"should be easy", famous last words.

Stefan

 builtin/submodule--helper.c |  4 ++++
 t/t7406-submodule-update.sh | 41 +++++++++++++++++++++++++++++++++++++
 2 files changed, 45 insertions(+)

Comments

Yaroslav Halchenko Dec. 11, 2018, 5:10 a.m. UTC | #1
On Mon, 10 Dec 2018, Stefan Beller wrote:

> Signed-off-by: Stefan Beller <sbeller@google.com>
> ---

> > > So you are proposing a variable like submodule.update
> > [...]

> > Glad to hear that. Not sure though I would know where to stick my
> > nose to figure out what to change. ;-)

> The update_module is computed via the submodule--helpers
> update-module-mode command, which is a small wrapper
> around determine_submodule_update_strategy()
> which you already touched in the other patch that makes
> --reset-hard another mode.

> This contains code and tests, but we'd need some docs as well.
> I am not sure about this patch as it allows for easier experimentation
> with submodules (e.g. "git config submodule.update '!git reset --hard'"
> sounds like what you're trying to get)

;-) it was indeed one of the original approaches I considered instead of
having "update --reset-hard"...

> and using them, but as discussed
> below this might be too much convenience already and we'd rather want to
> have it properly integrated into the real commands.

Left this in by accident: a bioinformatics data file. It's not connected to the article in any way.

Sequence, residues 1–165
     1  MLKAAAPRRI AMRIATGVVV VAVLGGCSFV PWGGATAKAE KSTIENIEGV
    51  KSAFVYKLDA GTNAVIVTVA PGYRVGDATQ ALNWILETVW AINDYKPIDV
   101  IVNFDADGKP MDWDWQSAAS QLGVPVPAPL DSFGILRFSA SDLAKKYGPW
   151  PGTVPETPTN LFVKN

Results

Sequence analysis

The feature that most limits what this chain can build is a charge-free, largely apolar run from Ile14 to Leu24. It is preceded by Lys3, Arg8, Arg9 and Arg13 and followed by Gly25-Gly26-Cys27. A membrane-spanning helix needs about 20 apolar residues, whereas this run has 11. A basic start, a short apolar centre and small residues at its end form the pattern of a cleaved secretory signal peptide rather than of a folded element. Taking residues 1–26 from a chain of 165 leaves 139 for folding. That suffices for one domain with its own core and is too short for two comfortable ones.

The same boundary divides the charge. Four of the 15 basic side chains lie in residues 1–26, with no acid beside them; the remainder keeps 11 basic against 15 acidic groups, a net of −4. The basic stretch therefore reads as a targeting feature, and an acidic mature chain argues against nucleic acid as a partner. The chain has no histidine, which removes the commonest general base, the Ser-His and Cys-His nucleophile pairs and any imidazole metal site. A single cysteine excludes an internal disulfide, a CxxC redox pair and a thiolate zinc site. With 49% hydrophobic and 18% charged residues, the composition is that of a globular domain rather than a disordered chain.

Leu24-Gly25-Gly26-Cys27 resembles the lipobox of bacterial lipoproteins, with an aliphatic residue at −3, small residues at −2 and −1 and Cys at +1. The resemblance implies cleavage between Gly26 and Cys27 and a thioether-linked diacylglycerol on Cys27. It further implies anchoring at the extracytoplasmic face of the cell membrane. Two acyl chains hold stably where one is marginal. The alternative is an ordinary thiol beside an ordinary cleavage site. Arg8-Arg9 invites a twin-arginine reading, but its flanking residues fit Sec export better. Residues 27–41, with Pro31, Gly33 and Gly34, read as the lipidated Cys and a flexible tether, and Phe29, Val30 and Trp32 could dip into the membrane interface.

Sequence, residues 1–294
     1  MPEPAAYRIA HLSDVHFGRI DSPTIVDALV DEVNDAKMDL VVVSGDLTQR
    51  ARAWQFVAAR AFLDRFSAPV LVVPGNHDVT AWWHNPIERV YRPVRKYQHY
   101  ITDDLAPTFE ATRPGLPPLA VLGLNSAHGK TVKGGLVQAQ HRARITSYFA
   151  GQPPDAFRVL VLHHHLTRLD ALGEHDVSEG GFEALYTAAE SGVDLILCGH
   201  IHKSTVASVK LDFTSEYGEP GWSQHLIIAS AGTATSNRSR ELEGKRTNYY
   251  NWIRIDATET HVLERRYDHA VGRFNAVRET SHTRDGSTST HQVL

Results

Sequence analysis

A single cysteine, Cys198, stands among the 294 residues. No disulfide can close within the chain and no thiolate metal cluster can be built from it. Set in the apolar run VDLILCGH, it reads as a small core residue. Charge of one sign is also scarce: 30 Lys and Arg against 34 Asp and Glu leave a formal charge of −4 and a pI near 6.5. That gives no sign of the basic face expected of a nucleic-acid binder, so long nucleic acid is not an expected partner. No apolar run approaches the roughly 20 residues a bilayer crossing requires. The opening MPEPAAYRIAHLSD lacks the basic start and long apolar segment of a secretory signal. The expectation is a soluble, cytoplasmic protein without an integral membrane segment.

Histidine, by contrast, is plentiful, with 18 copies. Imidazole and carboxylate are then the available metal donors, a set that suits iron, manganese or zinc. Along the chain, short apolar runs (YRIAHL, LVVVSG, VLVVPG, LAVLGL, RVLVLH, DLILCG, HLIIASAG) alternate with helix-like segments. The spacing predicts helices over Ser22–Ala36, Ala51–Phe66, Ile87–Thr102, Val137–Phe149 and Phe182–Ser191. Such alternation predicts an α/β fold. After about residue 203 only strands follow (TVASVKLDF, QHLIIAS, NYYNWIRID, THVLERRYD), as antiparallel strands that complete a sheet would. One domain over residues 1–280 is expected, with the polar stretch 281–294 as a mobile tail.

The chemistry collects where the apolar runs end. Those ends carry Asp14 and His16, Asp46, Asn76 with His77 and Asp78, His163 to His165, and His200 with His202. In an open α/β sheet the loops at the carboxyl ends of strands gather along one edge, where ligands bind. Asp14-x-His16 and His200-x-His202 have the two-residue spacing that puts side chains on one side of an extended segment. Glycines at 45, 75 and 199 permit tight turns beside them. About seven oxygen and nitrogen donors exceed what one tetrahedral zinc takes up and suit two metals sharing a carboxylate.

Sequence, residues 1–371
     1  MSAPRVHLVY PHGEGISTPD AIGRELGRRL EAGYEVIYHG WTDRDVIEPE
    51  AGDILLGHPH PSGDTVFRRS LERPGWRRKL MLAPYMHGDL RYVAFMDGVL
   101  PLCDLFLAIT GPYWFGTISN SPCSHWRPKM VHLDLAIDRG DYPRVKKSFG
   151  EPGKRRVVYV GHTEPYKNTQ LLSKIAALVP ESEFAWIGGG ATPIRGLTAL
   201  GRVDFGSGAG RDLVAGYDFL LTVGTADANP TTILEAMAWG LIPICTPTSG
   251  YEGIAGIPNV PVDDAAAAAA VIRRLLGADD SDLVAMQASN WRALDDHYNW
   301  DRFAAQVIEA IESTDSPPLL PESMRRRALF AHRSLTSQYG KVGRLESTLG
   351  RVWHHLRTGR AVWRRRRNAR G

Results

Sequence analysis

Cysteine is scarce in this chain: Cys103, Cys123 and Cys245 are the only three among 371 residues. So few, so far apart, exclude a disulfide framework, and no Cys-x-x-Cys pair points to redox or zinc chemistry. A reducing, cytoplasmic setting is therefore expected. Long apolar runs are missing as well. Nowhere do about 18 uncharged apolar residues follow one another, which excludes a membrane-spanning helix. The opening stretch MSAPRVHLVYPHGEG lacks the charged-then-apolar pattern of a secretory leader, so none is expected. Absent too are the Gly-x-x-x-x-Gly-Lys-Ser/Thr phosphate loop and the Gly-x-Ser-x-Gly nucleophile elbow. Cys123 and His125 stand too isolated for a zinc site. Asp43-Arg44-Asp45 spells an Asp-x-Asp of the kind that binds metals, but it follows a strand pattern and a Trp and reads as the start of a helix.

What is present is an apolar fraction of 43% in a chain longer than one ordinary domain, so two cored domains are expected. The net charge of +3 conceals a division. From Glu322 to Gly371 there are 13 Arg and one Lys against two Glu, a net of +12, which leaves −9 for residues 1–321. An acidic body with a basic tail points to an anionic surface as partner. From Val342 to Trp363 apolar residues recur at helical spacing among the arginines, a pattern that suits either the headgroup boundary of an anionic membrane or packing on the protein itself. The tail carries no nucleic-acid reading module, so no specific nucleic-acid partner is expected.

indeed, having "update --reset-hard" provides necessary to me
convenience for my use cases.  Motivation behind  submodule.update  was
primarily to allow for heterogeneous (but still simple to define)
strategies, where for some subproject I could just define
submodule.update to be "reset-hard" (I do not expect my local commits
matter) and in the others -- "merge" (I carry my changes on top).

But again, I must confess, that either I forgot or just do not see a
clear use-case/demand for submodule.update config myself any longer,
besides providing a potentially useful default over
submodule.MODULE.update config.

> > Well, not sure... In the long run, if UX is to be tuned up, I wonder if
> > it would be more worthwhile to look toward making all those git commands
> > (git merge, git checkout, git rebase, ..., git revert, git cherry-pick)
> > support --recurse-submodules with a consistent with the non-recursive
> > operation by default behavior

> That is the end goal, very much.

> > (e.g.  not introducing detached HEADs or
> > controlling that via a set of additional options where needed).

> As with the discussion of the submodule.repoLike option (the patch I
> referenced in the other discussion), this is tricky to get the right
> behavior, so it takes some more time to do.

> Also what is right for a "git merge --recursive" might be totally different
> from a "git submodule update --merge" as the former is not centered around